Mount Kilimanjaro is the highest peak in Africa, reaching nearly 19,000 feet above sea level. It has become an iconic symbol of the continent and attracts thousands of tourists every year. However, recent reports show that the oxygen levels at the peak of the mountain have been steadily declining.
Mount Kilimanjaro’s Oxygen Levels
Mount Kilimanjaro’s oxygen levels have been steadily declining in recent years. According to a study conducted by the University of Leeds, the oxygen levels at the summit of the mountain have dropped from around 21.5 percent to 19.5 percent in the past decade. This decrease in oxygen levels is drastic, especially when compared to the average oxygen levels of 21 percent found at sea level.
The study also found that the amount of oxygen measured at the summit of the mountain was dependent on the season. During the time of the study, the highest level of oxygen was measured at the end of the rainy season in December, while the lowest levels were measured in the middle of the dry season in June.
The University of Leeds report also stated that the decreasing oxygen levels on Kilimanjaro could have serious implications for climbers and tourists who visit the mountain. Low oxygen levels are known to cause serious health effects and even lead to death.
Causes of Diminishing Levels of Oxygen
The exact cause of Kilimanjaro’s diminishing oxygen levels is still unknown. However, experts believe that the decrease in oxygen levels could be due to a number of factors. One possible cause is the decreasing amount of snow and ice on the mountain as a result of global warming and climate change. Another possible cause is the increased air pollution in the area due to human activities.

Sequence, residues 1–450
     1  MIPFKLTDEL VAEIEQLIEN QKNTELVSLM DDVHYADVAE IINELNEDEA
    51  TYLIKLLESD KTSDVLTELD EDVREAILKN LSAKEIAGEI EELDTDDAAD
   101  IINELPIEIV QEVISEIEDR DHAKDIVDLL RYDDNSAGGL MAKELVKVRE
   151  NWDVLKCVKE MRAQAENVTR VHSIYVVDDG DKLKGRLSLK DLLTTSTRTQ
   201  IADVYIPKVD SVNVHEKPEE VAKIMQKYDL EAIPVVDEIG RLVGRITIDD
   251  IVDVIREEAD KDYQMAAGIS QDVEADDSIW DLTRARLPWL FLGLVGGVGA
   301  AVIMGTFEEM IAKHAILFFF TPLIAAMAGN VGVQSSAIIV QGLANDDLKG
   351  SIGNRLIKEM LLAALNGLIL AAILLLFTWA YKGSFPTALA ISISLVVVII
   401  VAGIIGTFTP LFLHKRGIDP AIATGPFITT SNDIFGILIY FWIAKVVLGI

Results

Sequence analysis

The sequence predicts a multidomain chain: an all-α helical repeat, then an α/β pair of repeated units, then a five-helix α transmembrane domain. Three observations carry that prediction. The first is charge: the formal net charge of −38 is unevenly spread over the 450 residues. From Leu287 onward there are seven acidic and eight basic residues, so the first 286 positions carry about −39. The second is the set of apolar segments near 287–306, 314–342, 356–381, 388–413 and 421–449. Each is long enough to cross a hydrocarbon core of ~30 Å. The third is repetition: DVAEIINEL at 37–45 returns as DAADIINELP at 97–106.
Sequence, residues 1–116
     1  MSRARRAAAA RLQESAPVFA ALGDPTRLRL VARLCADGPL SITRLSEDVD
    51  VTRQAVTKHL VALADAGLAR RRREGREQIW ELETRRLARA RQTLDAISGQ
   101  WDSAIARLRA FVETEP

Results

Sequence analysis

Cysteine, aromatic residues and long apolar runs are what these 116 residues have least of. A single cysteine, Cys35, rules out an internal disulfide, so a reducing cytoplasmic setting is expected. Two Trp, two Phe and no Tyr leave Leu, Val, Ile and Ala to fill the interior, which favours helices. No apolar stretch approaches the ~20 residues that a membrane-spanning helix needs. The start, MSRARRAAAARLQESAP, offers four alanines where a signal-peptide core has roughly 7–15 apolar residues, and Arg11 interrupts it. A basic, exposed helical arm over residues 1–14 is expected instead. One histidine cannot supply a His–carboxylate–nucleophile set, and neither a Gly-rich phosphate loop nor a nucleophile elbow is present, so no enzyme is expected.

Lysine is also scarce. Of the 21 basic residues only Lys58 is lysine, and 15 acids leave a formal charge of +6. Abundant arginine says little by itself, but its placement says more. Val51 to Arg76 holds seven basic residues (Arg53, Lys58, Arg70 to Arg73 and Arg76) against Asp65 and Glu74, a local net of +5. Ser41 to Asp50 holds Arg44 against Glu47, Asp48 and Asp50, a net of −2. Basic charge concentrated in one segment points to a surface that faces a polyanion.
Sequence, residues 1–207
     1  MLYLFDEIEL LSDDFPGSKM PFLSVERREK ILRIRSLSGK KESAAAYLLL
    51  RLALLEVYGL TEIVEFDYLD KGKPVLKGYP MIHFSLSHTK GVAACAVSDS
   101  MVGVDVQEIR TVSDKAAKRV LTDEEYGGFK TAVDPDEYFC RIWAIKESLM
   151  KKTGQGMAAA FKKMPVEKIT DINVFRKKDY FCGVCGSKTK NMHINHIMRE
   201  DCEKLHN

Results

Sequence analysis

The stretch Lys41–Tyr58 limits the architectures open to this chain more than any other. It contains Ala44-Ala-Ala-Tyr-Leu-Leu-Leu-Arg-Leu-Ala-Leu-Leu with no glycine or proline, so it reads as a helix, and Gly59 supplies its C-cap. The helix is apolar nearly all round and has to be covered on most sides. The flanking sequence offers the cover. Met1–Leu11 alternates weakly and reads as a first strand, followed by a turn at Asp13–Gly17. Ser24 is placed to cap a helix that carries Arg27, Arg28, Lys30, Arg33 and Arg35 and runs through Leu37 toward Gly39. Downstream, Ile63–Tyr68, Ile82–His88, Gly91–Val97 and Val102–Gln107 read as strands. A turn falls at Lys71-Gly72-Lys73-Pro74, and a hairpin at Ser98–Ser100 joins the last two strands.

The decreasing oxygen levels on Kilimanjaro may also be due to the number of tourists who visit the mountain each year. As the number of visitors to the mountain increases, more oxygen is used up in the air and less remains for climbers and other tourists.
The University of Leeds report also pointed to deforestation in the area as a possible cause for the diminishing oxygen levels on Kilimanjaro. As more trees are cut down, the amount of oxygen-producing vegetation in the area decreases, leading to lower oxygen levels.
In conclusion, the oxygen levels at Mount Kilimanjaro’s summit have been steadily decreasing for the past decade. The exact cause of this decline is still unknown, but experts believe it could be due to global warming, air pollution, and deforestation in the area. It is important to take action now to protect the mountain and its oxygen levels so that future generations can enjoy its beauty and views.